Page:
50 years ago, Skylab's accidental rebels put Mission Control on mute

Final mission to space station revolutionized orbital labor management

It's been 50 years since the final Skylab crew launched and docked with America's first space station for an eventful 84 days in space.

The all-rookie crew of Jerry Carr, Ed Gibson, and Bill Pogue were launched from Kennedy Space Center's LC-39B pad in November 1973 aboard the penultimate Saturn 1B.

Skylab 4 went down in infamy as "the mission when the crew went on strike." The myth came about after the crew, racing to keep up with the demands of their schedule, opted to have only one crew member listening to the radio while the others got on with the work without interruption.

In Homesteading Space by David Hitt, Owen Garriott, and Joe Kerwin, Gibson says: "We each signed up for an orbit as the radio-response guy. Well one day we made a mistake and for a whole orbit we all had our radios off!"

Controllers called the space station but received no response for an entire orbit. A story began circulating that the crew had gone on strike in protest at the demands from mission control. While the trio denied this version of events – "We've had to live under that stigma they [the press] falsely created ever since," said Carr – the interface between crew and mission control was undoubtedly tense during the early part of the mission.

An earlier incident in the expedition did not help. Pogue became sick, and the crew opted not to inform controllers. Their conversations of the issue had been recorded and transmitted down to the ground while the crew slept. The attempted concealment earned the crew a public dressing down by astronaut boss Al Shepard. Carr said: "So they discovered that we were trying to conceal information, which we felt pretty bad about. But that was our motive: we didn't want to fuzz things up anymore on the ground. It was dumb. Yet we did it, we wish we hadn't, but we did."

Skylab 4 was also a showcase of manager expectations meeting reality. The previous crew, commanded by Alan Bean, had ended their mission on a high with an impressive activity rate. Carr noted the results of the second crewed mission and worried that such a work rate would not be sustainable for a more extended stint on Skylab. Factor in some last-minute changes, Pogue's initial sickness, unrealistic expectations, and Carr would be proved correct.

During the early days of the mission, the crew's morale dropped as the trio struggled to keep up with the demands of Mission Control. Mission Control responded by tightening the schedule even further. After all, the previous crew was famously productive by the end of their mission – so Skylab 4 should be the same right out of the gate, right?

Wrong. Mistakes continued until the crew and Mission Control finally communicated properly and agreed to change how the work schedule was organized to better reflect the reality of a long-duration mission.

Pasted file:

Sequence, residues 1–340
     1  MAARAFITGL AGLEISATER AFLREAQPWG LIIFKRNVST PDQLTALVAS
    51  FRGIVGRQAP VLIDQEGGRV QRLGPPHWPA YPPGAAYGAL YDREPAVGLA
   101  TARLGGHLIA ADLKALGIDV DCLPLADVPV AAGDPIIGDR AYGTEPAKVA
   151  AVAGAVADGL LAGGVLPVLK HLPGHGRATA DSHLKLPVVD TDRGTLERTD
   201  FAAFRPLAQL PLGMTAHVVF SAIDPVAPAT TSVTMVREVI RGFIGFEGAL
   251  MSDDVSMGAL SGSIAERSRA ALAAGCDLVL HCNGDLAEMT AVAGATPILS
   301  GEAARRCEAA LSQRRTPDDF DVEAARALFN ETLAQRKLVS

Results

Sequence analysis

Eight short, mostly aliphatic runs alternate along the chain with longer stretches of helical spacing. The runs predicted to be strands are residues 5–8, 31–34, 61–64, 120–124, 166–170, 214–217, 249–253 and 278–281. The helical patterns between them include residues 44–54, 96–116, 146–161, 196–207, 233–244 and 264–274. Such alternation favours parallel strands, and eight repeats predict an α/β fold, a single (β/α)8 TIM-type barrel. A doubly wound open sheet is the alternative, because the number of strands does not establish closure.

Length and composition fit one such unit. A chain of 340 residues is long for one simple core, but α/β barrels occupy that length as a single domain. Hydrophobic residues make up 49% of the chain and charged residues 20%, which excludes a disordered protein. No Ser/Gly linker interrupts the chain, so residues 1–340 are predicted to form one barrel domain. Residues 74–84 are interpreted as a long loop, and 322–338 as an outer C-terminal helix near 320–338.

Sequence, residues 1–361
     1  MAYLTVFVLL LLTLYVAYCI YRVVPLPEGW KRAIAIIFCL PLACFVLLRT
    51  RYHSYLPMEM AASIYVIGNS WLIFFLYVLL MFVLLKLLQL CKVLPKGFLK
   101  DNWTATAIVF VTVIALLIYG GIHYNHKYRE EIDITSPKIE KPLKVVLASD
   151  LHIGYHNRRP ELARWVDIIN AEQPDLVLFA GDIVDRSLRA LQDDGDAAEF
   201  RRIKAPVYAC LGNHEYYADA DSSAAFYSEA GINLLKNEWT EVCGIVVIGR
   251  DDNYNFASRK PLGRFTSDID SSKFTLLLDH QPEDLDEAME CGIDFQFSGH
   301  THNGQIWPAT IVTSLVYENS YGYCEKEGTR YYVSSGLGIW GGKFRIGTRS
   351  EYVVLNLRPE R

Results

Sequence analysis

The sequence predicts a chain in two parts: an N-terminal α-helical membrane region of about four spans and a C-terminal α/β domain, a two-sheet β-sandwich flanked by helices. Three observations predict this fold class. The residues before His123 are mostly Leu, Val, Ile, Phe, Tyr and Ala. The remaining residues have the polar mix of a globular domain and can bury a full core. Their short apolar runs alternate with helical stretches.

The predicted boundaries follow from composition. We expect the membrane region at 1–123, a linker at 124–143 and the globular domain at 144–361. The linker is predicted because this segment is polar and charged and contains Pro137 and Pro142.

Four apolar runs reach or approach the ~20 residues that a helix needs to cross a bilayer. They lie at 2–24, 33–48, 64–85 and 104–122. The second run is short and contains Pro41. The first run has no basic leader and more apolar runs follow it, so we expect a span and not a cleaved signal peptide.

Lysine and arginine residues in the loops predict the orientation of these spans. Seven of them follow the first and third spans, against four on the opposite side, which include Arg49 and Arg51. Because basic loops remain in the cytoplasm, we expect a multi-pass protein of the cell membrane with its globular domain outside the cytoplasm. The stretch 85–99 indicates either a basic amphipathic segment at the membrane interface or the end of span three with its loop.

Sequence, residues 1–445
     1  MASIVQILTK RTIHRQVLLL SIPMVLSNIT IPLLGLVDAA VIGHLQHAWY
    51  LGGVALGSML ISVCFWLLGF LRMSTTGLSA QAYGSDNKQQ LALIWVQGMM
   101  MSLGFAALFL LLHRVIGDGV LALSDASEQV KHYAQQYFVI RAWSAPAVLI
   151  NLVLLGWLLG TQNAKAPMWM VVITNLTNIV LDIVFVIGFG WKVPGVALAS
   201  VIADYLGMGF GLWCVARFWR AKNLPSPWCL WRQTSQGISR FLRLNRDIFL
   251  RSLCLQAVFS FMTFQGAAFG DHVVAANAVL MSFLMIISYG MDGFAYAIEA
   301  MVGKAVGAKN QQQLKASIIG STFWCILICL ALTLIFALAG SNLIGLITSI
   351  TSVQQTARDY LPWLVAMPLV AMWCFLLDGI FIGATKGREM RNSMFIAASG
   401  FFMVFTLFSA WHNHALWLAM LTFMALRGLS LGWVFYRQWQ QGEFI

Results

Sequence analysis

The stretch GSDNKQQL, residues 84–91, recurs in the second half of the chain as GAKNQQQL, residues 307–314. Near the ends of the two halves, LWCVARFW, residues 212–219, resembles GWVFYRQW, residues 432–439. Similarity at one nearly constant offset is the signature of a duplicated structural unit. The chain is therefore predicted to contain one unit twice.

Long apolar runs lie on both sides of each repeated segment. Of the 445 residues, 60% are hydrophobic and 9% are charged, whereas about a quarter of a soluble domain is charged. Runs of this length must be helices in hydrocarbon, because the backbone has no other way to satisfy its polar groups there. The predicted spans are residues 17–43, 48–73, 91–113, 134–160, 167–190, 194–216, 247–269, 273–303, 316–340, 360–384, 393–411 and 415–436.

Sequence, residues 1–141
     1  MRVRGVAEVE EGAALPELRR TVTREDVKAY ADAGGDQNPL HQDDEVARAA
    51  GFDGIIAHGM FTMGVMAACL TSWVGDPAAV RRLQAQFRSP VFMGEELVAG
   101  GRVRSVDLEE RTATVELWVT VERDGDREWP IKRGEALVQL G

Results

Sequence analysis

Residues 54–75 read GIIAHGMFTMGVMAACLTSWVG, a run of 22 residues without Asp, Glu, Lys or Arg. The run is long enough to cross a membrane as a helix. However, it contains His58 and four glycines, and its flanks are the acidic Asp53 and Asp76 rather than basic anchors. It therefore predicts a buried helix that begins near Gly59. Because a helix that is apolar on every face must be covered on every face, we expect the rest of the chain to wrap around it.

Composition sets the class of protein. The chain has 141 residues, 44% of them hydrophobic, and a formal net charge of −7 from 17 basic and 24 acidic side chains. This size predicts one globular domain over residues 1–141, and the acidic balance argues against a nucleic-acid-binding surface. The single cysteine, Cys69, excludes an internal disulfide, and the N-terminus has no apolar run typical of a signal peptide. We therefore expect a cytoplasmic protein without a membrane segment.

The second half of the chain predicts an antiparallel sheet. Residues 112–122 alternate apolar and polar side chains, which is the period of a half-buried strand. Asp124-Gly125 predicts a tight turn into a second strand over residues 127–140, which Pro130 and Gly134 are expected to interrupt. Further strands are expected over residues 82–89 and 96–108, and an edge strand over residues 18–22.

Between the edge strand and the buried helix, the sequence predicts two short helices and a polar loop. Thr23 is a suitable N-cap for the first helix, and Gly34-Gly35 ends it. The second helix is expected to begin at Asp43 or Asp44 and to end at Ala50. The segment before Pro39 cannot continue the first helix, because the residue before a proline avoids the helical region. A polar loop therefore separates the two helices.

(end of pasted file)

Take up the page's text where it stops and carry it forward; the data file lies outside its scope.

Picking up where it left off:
Lead flight director Neil Hutchinson said in Homesteading Space: "In the end of course they turned out to be every bit as good as the other guys. They really turned out the stuff. You wouldn't have believed that they were up there for nearly three months."

The experience of Skylab 4 taught controllers lessons about letting crews get up to speed in zero-G before loading up schedules with tasks, lessons that informed the Space Shuttle program and can still be seen in International Space Station (ISS).

Although the legacy of Skylab 4 is most felt in how astronaut work schedules are designed today, the mission was also notable for the Apollo era's final extravehicular activity (EVA). The crew also tested an early version of what would become the Manned Maneuvering Unit (MMU), which would evolve into a backpack flown on early Space Shuttle missions.

The record of 84 days in space would only last a few years and be surpassed by a Salyut 6 crew, yet the Apollo-era Command and Service Module set a record for US spacecraft endurance that would last until 2021, when it was finally broken by SpaceX's Crew Dragon Resilience during the Crew-1 mission to the ISS.

There was some discussion about flying a fourth mission to Skylab. A rescue mission, nearly flown for the previous crew, had been on standby so the hardware was available. But Skylab was only designed for three missions, and with Skylab 4 being extended to 84 days, a Skylab 5 mission was considered redundant.

Other options considered using a fourth Apollo CSM to either boost the abandoned space station into a high orbit or de-orbit the structure. Ultimately, planners opted to wait until the Shuttle was operational for such purposes. Hindsight is a wonderful thing as the events of subsequent years, combining both Space Shuttle delays and Skylab coming down over Australia, would show.

Skylab 4 – the third and final Skylab crew – is to be celebrated for its contribution to long spaceflight planning and its impressive productivity. None of the trio ever flew in space again, and of the three, only Ed Gibson is still with us.

Further reading

Homesteading Space / The Skylab Story by David Hitt, Owen Garriott, and Joe Kerwin was an excellent resource. Also recommended is Skylab: America's Space Station by David J Shayler. Shayler also wrote Around The World in 84 Days: The Authorized Biography Of Skylab Astronaut Jerry Carr, which is a great read, as is Bill Pogue's autobiography But for the Grace of God. ®

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